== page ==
Germs in Spaaaace!

by Gabrielle DeMarco on August 3, 2009



It has been proven. We are not alone in the universe. There are millions of life forms in outer space.

The problem is that we put them there and now we don’t really know how to control them.

Floating along with and inside our astronauts are literally little green men (well technically they are mostly asexual). They are microorganisms, including nasty things like staph.  And they don’t stop multiplying in microgravity. To the contrary, studies are now showing that they become more virulent.  And anywhere there are people, there is bacteria and when bacteria is let loose on say the International Space Station, mixed with a little water vapor from the calm breathing of an engineer on the job, they start to develop biofilms (a microbial metropolis if you will)…on EVERYTHING! These microorganisms are not fettered by mere gravity and can form on the top, bottom, or even inside objects in the microgravity of the Space Shuttle or Space Station or even the astronaut.

Professors Cynthia Collins, Jonathan Dordick, and Joel Plawsky are being tasked by NASA to start looking into these pesky and – in their defense – often beneficial organisms in space and how exactly their unfettered growth can be stopped.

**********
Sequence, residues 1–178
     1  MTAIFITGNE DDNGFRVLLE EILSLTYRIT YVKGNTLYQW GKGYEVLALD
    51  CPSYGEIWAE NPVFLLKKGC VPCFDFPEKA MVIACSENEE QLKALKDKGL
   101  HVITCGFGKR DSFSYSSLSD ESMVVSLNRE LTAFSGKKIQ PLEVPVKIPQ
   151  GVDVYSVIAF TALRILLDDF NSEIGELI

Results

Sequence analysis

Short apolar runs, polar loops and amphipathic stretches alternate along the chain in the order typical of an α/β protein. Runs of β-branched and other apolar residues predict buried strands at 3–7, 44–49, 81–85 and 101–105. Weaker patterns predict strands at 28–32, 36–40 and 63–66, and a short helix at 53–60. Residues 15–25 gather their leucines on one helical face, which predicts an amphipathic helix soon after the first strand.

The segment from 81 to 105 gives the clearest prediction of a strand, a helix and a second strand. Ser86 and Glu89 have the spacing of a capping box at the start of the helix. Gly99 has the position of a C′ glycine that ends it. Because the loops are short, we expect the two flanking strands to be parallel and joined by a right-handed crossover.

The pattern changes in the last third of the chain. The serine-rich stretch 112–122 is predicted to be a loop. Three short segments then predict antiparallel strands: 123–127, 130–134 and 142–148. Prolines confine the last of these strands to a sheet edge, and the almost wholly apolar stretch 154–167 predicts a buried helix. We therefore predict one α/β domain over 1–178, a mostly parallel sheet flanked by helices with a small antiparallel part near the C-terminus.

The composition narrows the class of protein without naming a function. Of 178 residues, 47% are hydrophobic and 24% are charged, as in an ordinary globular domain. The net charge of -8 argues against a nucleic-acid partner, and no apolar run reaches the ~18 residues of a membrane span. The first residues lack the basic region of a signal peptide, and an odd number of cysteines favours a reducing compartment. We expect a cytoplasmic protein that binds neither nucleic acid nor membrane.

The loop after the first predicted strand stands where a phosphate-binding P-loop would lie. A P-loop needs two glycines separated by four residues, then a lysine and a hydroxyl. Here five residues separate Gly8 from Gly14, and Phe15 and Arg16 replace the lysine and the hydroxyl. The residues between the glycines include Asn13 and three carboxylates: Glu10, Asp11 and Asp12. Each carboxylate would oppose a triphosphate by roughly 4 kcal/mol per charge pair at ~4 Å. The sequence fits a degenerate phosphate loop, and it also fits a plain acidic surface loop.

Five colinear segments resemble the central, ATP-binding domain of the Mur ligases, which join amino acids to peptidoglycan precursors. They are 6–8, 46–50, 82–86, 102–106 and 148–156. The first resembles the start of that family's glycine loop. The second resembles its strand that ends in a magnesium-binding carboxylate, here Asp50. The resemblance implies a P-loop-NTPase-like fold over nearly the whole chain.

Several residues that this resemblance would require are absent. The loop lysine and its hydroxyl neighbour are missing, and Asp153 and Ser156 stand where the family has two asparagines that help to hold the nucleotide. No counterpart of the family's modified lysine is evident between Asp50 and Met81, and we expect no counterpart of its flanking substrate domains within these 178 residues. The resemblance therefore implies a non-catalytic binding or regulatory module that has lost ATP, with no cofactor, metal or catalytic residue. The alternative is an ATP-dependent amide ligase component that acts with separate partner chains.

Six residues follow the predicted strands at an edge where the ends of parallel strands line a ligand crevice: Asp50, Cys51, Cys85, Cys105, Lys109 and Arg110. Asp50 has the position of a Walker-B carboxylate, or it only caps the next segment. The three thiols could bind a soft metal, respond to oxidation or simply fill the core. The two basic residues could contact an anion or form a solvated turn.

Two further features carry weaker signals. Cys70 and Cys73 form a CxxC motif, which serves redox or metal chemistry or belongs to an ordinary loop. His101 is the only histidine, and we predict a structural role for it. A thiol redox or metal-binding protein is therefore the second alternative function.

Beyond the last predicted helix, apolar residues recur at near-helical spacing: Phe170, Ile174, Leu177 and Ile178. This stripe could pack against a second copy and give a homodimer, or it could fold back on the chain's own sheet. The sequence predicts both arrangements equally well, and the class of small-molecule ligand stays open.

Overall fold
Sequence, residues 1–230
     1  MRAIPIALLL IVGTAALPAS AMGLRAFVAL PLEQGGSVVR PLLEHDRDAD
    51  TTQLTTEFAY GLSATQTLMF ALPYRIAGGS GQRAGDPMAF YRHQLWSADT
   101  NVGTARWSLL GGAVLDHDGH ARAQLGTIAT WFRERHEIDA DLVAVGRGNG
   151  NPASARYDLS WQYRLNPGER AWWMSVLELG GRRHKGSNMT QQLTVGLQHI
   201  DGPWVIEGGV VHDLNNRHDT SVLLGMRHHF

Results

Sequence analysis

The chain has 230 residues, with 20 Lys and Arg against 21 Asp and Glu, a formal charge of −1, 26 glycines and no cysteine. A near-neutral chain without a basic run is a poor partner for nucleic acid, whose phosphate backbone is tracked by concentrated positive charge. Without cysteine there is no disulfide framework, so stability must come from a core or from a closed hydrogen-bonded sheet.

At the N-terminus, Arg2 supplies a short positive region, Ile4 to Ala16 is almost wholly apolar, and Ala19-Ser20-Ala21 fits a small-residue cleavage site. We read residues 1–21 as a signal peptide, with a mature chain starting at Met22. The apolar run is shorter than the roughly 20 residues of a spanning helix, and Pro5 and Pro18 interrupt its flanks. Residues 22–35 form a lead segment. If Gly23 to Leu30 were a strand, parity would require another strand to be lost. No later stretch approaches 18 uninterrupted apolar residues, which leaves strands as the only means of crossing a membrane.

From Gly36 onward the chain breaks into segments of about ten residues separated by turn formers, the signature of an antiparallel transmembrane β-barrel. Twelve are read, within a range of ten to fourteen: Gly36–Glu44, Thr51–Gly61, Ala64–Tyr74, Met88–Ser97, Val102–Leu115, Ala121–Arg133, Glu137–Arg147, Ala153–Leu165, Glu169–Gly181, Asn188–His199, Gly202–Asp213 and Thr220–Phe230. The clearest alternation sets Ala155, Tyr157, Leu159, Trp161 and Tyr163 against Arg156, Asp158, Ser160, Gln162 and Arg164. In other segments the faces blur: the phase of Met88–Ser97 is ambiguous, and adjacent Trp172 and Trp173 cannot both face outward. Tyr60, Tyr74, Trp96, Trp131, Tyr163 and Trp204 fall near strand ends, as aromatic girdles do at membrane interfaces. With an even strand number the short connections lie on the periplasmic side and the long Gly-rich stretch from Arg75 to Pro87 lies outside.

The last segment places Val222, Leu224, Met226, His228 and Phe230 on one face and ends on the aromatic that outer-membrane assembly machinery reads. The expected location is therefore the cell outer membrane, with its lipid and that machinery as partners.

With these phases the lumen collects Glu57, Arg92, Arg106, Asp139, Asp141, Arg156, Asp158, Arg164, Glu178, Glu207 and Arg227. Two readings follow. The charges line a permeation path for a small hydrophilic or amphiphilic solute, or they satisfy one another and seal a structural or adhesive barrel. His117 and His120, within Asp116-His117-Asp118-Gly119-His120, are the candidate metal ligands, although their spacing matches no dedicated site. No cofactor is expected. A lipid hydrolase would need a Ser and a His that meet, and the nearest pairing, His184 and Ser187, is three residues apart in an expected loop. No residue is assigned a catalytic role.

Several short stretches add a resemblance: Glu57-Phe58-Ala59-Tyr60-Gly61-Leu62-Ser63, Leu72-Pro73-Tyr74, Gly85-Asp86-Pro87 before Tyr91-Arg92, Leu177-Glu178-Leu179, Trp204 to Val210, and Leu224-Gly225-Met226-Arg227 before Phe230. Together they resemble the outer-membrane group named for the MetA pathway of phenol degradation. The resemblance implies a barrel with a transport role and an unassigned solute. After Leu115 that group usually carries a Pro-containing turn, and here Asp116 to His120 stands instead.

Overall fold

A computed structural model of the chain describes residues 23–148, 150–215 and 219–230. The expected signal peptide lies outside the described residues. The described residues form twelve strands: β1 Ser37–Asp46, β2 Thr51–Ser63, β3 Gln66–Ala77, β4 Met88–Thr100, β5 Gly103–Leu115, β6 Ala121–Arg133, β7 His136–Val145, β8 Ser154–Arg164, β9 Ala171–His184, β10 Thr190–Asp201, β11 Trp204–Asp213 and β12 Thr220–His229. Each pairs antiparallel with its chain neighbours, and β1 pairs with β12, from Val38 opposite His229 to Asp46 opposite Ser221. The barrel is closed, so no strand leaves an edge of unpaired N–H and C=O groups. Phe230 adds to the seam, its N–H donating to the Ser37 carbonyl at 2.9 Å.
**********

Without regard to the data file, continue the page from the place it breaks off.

In the spirit of interdisciplinary innovation, each researcher brings an important component to the biofilm-coated table. Collins’ research focuses on microbial communities – how they grow, what they are made of, how the individual organisms, communicate with each other. Dordick is the chemist in this equation and Plawsky the materials expert. Together they can grow, analyze, and stop the growth of a microbial colony using a mix of biology (to grow the microbes in the first place), chemistry (mixing enzymes that kill or stop the spread of the microbes), and materials science (to build the platform that the enzymes sit upon).

Their plan is to get a series of microbial communities and antimicrobial surfaces into space on an upcoming Shuttle mission. Currently, they are in the first stage of their research. They are simulating the effects of microgravity in small centrifuges within the Rensselaer labs and monitoring their growth and investigating various materials surfaces and enzymes for favorable antimicrobial tendencies. You will surely hear a lot more about their work should it make it on a mission. And Rensselaer will have yet another product of an RPI education in space (a few million actually).